Are You Too Nice To Your Kids?

The other day, I was reading about D.L. Hughley hosting the first-ever comedy show on CNN. He said his dad never told him “I’m proud of you,” but that his dad just acknowledging that he was a first on CNN was like a pep talk.

2008.10.26 - Caution! Slip hazard!
Creative Commons License photo credit: a.drian

That got me thinking of something I have often thought about: I think my parents were too nice to me. When I was doing a traffic report at 1 a.m. in Northern California (yes, I did that), my parents acted like I was Hillary Swank winning the Oscar. “Your Aunt Arlene can get KGO in San Diego and listens to you!”  

When I hosted my first (and only) network show, “Playing It Straight,” they paid for me to have a debut party which coincided with my birthday. (The local news came and it was really cool. The show tanked, but that’s another story.)

Perhaps if they had been the kind of parents that withheld praise, I would have strived beyond my G-list status. Maybe I would have had that hunger to succeed I see in others,as opposed to my philosophy, which is: “I’m shooting for the middle.”

Am I making the same mistake with my daughter? When she draws outside the lines, should I continue to find something something to praise, like ,”Love that you used the whole page!” Or should start laying down some expectations?: “Try to get it within the lines.”

I was thinking of that HIllary Clinton story, of when she was a girl. She came home and told her mom some girl had slugged her. Her mom said to go back out there and face the girl, that “we don’t have cowards in this house.” She did, and clearly Hillary grew up tough and able to take a punch.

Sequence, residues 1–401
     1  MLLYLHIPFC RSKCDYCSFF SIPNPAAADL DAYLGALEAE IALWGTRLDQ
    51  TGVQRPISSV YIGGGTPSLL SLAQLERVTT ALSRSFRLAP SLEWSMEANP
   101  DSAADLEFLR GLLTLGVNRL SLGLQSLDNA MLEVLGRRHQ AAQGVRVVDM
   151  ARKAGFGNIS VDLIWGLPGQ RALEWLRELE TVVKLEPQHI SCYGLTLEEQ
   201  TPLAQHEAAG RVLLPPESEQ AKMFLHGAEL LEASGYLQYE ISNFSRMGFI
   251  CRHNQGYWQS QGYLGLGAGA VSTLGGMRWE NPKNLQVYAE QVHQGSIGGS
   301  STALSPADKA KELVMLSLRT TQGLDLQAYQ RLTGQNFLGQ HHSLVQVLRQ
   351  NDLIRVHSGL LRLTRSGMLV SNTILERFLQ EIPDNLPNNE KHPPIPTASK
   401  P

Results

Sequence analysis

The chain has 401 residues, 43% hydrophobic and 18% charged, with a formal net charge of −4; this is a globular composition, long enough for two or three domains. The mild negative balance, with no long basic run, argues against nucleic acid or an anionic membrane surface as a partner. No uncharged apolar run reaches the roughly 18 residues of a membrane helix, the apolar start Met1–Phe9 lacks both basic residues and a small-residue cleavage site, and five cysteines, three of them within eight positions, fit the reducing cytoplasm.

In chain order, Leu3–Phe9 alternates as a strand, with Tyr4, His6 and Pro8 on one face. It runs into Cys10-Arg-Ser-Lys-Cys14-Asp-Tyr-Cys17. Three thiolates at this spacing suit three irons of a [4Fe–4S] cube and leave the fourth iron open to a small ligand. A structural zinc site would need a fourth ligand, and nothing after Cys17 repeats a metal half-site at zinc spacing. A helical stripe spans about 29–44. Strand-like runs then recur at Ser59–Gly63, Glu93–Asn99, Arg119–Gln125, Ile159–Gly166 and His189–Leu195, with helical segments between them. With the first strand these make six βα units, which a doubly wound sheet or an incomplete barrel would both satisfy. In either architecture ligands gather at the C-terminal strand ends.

My mom would have said, “The girl who slugged you is a sick girl; I know her parents and they aren’t well. Forgive her.”

What have others done that seems to work?

Vivien for President

Parents, listen up! It’s never too early to plan for our children’s future, right? We try to put away some dough for rainy days, college, shoes… So while we’re planning their future careers, shouldn’t we also consider the future of our country? In this video, I lay out my plan for young girls to take over the world – I mean, the USA. Let’s start there.

Baby High Heels

Tarting up little girls has long been a pet peeve of mine. I get that some people don’t see the infant string bikini and such in the same way… but wake up! It’s the ho-ho-hoing of American girls. In this video, I take on another example: the baby high heels.

Motivating Your Kid

This is an issue that really intrigues me.  I was raised by a true “cool mom” who, if I asked, would let me skip school, thought a B grade was great, and when we got depressed and wanted to lie down for a few months, was like “Sure, I understand.” I think because she has worked with so many troubled youths, the fact that my sisters and I showered and didn’t try to set the house on fire made her feel we were fine.

But once I forged my way into the real world, I saw that a thicker skin and good penmanship – for starters – may have helped me along the way. I think a lot about how to be loving to Vivien and make her feel solid in herself, while also toughening her up for the real world.

One way I do this is I RARELY interfere if Oliver is teasing her. I like her getting feisty and either not getting her way with him and learning from that, or sticking up for herself and learning from that. I take cues from prominent people, especially women, since I believe we have our own unique hurdles to jump. I remember what Nancy Pelosi said when asked how a woman get’s to be the Speaker of the House.  She said, “I highly reccomend having 5 older brothers.”  Every time I hear Vivien wail “Oli-ver!!!” I think of that and stay put.

Or an interview with Hillary Clinton where she said if she got an A, her father would say, “That must be an easy school.”  Or Condi Rice’s parents making sure she practice that piano. Or Obama’s mom waking him up early before he went to school in Indonesia so that he could do correspondence courses she had sent away for him. Obviously a lot was expected of them, and losers they ain’t.   

So this is one of those moments when I didn’t want Vivien to give up.

Sexualized Teens

Once again, I visit the big gun in my arsenal – my mom. This is such a big issue for parents: how do you realistically protect your daughter from being too sexy? Is there an assualt from our media – I think so – or is this just our perception, since we are no longer the ones tramping around town? Morency, my mom, weighs in.